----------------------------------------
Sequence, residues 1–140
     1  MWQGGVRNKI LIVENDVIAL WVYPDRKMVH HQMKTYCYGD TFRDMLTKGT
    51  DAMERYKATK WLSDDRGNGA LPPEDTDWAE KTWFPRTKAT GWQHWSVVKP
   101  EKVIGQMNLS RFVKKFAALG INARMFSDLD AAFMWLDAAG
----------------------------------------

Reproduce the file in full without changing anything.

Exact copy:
Sequence, residues 1–140
     1  MWQGGVRNKI LIVENDVIAL WVYPDRKMVH HQMKTYCYGD TFRDMLTKGT
    51  DAMERYKATK WLSDDRGNGA LPPEDTDWAE KTWFPRTKAT GWQHWSVVKP
   101  EKVIGQMNLS RFVKKFAALG INARMFSDLD AAFMWLDAAG